But that is not to say that there is nothing to recommend here. Blatty shows moments of real intrigue and bravado as a visual storyteller. The famous scene in heaven with the who’s-who of celebrities, while belonging to another film entirely, sticks in the mind’s eye and proves that Blatty can compose a shot consisting of more than two people sitting around talking. And the anxiety-ridden scene in the hospital with the striking nurse in the red sweater is a tight, well-crafted scene that is as horrifying as anything in the first film. George C. Scott is impressive here as Kinderman; not the clever, persistent side character portrayed by Lee J. Cobb in the first film, but a harder-edged, ornery badass presumably closer to the novelization (at least, I hope s—at one point, Kinderman cites Father Karras as his “best friend”, which, if we are to look only at their relationship from the original, says something utterly depressing about this guy). Scott growls and snarls through this supernatural world like he can take down the Devil with a dry bon mot and a punch in the kisser. It can be quite a bit of fun to watch. The real star here though is Brad Dourif as The Gemini. He vacillates between constrained evil bastard to scenery-chewing god of darkness with a deftness and believability that cannot be taught. And although his character is responsible for some of the more egregious monologues here, thanks to Dourif’s gift for imposing stillness, even these moments have a latent energy to them. His performance will be the lasting testament provided by The Exorcist III, and for that alone, it is worthy of at least a single viewing.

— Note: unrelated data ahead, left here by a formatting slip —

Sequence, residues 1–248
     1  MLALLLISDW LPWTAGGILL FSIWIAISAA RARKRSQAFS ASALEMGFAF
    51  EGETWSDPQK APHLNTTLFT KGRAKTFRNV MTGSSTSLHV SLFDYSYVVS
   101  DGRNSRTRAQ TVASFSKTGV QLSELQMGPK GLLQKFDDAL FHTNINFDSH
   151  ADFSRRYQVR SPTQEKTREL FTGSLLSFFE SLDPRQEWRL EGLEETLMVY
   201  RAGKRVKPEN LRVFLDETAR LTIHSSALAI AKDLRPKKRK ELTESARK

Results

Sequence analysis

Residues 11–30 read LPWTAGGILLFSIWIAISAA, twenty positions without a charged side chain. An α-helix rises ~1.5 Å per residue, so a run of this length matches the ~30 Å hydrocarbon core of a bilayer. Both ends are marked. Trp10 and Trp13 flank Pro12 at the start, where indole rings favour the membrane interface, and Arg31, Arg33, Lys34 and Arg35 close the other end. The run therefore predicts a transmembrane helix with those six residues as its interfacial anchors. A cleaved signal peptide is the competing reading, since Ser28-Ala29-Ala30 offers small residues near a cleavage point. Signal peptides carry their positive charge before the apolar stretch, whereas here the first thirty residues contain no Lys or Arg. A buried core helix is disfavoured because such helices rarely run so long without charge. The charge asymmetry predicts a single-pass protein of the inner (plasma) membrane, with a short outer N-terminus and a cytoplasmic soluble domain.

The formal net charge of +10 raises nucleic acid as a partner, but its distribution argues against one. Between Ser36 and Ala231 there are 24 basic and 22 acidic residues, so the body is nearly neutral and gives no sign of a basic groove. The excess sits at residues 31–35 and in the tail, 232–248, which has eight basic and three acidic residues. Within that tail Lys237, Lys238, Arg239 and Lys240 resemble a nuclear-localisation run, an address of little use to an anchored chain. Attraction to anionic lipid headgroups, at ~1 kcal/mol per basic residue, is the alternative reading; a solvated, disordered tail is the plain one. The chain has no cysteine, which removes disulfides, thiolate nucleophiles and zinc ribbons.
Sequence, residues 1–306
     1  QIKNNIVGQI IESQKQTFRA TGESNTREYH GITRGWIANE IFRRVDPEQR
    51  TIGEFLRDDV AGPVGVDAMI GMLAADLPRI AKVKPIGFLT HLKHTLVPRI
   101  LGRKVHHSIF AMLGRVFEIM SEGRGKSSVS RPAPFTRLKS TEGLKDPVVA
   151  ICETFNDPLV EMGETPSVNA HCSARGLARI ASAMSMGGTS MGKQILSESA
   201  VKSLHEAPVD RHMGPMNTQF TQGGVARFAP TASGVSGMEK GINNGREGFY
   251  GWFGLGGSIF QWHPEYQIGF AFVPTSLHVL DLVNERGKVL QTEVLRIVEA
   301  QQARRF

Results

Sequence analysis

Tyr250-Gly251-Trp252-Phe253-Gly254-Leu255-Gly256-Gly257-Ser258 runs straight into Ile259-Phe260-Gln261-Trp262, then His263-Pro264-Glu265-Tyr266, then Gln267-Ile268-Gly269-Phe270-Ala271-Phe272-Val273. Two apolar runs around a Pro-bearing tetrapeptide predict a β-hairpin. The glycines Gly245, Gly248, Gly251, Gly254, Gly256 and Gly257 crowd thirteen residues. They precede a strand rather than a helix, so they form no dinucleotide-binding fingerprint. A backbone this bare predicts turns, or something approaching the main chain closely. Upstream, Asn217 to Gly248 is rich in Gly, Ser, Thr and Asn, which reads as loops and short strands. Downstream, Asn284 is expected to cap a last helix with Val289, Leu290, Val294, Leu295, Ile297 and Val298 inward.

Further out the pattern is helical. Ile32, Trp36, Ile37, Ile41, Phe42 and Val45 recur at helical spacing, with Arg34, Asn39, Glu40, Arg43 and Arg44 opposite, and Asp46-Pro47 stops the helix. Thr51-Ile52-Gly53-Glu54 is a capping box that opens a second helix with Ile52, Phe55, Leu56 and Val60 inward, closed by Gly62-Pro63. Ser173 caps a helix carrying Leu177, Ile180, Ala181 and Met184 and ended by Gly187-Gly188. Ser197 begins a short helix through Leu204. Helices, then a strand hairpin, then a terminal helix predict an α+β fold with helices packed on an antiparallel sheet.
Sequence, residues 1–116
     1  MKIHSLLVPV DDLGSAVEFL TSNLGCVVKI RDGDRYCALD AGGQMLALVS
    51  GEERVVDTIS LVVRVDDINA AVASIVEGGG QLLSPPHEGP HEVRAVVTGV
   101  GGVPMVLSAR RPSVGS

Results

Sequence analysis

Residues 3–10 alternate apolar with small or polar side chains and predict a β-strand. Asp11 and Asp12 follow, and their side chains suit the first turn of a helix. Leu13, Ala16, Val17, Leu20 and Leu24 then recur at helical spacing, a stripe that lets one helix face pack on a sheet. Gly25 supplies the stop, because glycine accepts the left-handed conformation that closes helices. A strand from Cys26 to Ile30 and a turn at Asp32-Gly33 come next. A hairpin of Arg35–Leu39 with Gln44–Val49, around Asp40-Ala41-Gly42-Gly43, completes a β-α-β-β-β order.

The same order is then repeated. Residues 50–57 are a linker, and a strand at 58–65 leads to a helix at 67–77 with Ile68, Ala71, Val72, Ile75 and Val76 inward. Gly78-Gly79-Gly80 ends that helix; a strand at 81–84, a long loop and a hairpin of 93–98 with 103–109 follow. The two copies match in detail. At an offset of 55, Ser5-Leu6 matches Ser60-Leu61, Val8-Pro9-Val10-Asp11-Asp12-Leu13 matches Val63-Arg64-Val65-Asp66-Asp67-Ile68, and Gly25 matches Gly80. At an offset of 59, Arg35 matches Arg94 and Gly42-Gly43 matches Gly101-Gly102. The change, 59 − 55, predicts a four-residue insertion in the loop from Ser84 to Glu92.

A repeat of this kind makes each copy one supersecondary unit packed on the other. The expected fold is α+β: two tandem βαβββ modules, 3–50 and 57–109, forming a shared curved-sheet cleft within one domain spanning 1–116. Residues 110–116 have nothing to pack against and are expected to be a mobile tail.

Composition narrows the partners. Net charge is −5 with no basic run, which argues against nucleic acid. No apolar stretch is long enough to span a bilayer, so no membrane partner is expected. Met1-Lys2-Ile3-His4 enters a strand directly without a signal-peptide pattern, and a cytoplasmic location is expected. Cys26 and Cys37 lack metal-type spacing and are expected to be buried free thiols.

So, The Exorcist III ultimately fails to be a cohesive, successful film (and, really, an Exorcist film at all). It is 30 minutes too long, it reaches pathetically in its attempts to tie itself to a franchise it has no need to be involved with, and the filler scenes turn a taut thriller into bloated curiosity. And yet it is notable for the things it got right; a superb cast, isolated moments of sheer terror, and imagery that leaps off the screen. If it weren’t so inexorably tied to a series with so many built-in presumptions—if the film had been titled Legion as it was originally intended before the studio stepped in and decided to shoe-horn in an exorcism angle and an Exorcist title to suck out those precious sequel dollars—perhaps it would have achieved a cult status on its own merits. But, like the wretched spirit of Pazuzu, the looming shadow of The Exorcist overwhelmed The Exorcist III with a curse of fan expectations that shows no signs of slowing down all these many years later.


“This may sound like heresy, but ”The Exorcist III” is a better and funnier (intentionally) movie than either of its predecessors…For all of the wildness of his imagination, Mr. Blatty is a comparatively discreet director.” -Vincent Canby, The New York Times (contemporaneous)